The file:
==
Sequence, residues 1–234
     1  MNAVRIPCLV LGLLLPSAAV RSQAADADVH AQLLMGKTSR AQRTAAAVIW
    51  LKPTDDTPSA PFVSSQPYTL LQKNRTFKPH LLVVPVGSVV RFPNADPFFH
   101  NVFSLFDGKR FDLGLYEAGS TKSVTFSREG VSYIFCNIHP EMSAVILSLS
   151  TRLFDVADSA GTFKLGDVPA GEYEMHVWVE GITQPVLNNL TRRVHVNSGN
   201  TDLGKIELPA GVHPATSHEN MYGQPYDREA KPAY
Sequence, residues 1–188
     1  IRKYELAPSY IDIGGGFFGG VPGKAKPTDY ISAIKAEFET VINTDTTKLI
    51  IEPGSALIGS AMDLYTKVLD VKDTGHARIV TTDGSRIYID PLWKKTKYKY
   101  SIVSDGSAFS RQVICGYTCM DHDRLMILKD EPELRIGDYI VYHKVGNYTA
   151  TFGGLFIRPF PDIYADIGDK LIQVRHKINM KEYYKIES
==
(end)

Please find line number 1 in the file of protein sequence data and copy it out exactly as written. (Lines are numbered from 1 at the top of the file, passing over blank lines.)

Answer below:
Sequence, residues 1–234